China's manufacturing sector gave the country a glimmer of hope | The Bank of Japan announced that it's playing the opposites game |


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Today's big stories

  1. Data showed that China’s manufacturing sector is slowly getting back on its feet, but the same can’t be said for the economy as a whole
  2. Here’s where four pros would invest a sudden windfall right now – Read Now
  3. The Bank of Japan announced that it’ll keep buying government bonds, even though just about everyone else is selling them

Get Well Soon

Get Well Soon

What’s going on here?

An official gauge of manufacturing activity in China started healing in September, but the country’s recovery is far from guaranteed.

What does this mean?

China's official purchasing managers index (PMI) shows how the country’s manufacturing sector is doing. And last month could’ve been a lot worse: the reading ticked up to 50.2 in September from 49.7 in August, crossing the crucial 50-mark that indicates danger. But a private report from Chinese media group Caixin and financial analytics firm S&P Global cast doubt on the idea that this could be the start of a long-awaited recovery, saying the country’s job and export markets are still far off the mark.

Why should I care?

For markets: It’s party time.

The country’s sluggish state isn’t a result of lack of trying, mind you. China’s been digging into its bag of tricks in a bid to give its economy a giddy up, pulling out aces like cutting interest rates and making it easier for banks to lend cash. And with China celebrating its Golden Week holiday, any hint that folks are splurging on treats and meals would be an encouraging sign for the economy. Either way, though, the country’s battered and bruised property market will need to dust itself off before China can really get back into its groove.

The bigger picture: 99 problems and China sure is one.

China’s slowdown is a problem for the whole of Asia and, in turn, the global economy. Usually a powerhouse, the country’s turning more inward to focus on supporting domestic spending and services. And wary of the potential ripple effects, the World Bank trimmed its expectations for China's growth next year and issued a warning for developing economies in East Asia. Given China’s slump, rising debt, and trade issues with the US, the bank downgraded its prediction for the region’s growth next year to 4.5%, down from the 4.8% it noted in April.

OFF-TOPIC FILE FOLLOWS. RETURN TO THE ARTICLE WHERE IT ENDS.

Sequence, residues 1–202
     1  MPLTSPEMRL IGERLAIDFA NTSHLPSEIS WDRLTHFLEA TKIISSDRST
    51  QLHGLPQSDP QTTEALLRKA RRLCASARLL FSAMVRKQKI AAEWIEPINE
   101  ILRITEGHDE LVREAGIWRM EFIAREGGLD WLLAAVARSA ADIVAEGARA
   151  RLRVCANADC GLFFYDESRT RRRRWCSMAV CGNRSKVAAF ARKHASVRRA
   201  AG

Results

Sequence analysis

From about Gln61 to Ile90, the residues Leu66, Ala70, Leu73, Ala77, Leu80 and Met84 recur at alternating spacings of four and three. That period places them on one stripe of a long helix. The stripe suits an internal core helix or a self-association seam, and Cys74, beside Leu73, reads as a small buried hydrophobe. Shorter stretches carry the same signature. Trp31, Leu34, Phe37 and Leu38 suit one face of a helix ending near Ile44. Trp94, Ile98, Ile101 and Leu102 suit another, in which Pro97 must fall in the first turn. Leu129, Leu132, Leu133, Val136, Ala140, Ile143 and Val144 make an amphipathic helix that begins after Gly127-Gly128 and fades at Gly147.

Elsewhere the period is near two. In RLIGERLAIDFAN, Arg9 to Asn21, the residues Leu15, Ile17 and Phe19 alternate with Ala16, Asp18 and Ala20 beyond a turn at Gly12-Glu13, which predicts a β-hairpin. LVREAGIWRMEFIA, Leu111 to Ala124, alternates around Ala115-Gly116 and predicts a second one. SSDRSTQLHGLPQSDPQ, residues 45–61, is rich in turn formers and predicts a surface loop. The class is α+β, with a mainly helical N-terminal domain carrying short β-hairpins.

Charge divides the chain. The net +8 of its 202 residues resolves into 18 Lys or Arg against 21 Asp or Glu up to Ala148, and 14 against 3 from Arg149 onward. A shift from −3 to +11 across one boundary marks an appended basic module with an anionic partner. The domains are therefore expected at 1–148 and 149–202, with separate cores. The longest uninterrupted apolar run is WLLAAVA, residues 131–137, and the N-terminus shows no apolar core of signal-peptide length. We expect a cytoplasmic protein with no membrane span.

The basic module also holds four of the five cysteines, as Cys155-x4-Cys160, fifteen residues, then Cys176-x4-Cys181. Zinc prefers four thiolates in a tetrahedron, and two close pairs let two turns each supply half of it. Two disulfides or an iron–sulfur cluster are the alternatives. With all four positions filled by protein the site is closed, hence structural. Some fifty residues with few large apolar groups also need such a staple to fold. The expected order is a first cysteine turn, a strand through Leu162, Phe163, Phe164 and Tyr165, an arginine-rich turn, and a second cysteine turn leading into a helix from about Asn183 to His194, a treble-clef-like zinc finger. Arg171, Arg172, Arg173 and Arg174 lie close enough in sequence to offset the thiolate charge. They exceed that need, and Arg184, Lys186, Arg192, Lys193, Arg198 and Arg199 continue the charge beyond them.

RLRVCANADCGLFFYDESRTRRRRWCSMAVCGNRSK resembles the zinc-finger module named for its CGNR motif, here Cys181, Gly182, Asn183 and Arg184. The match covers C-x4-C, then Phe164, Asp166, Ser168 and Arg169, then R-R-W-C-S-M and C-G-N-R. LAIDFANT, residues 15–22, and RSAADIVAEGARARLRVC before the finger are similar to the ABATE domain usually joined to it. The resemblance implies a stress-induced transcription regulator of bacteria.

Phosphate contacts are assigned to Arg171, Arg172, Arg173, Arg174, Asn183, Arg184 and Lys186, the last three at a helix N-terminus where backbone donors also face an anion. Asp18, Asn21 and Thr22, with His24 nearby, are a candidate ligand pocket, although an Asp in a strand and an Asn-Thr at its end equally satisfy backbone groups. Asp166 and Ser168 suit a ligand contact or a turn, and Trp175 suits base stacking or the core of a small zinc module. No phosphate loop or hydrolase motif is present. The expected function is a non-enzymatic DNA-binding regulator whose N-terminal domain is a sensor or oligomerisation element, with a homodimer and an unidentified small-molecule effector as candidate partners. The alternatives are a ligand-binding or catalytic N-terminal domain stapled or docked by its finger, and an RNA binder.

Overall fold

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Analyst Take

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Where To Invest $1 Million (Or Less) Now, According To The Pros

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Opposites Attract

Opposites Attract

What’s going on here?

The Bank of Japan (BoJ) said on Monday that it’s gearing up for a round of government bond buying, essentially the reverse of inflation-fighting rate hikes.

What does this mean?

When a central bank buys its own country’s government bonds, it funnels more cash into the economy and directly brings down interest rates too. So usually, that’s a move reserved for times when an economy is floundering and needs a bit of a kick. It’s surprising, then, that the BoJ went on a shopping trip despite the economy holding firm. And if anything, the country could use higher interest rates, not lower ones, right now.

Why should I care?

For markets: A not-so-forbidden fruit.

The BoJ’s been clinging to its low interest rates, while many of the world’s central banks have got to hiking. That’s because Japan had to tempt prices higher after a long, economy-bruising period of deflation. But the country’s currency has felt the impact, with the yen slipping to an almost 30-year low against the dollar. And sure, that makes Japan’s export products cheaper and more attractive for foreign shoppers. But it also makes it more expensive to import the many commodities that Japan buys from elsewhere. That’s a recipe for het-up inflation, so higher interest rates are about to get a lot harder for the country to resist.

The bigger picture: The American nightmare.

Japan’s inflation is slightly lower than that of some other developed economies at just above 3%, but it’s not far off the US’s 3.7%. It’s interesting, then, that while the Federal Reserve is worried that high inflation may not budge, Japanese central bankers still believe it’s more of a blip. That may explain why Japan’s happy to push the button on inflation-inducing moves like buying bonds, while the US walks on eggshells to avoid pushing prices up any higher.

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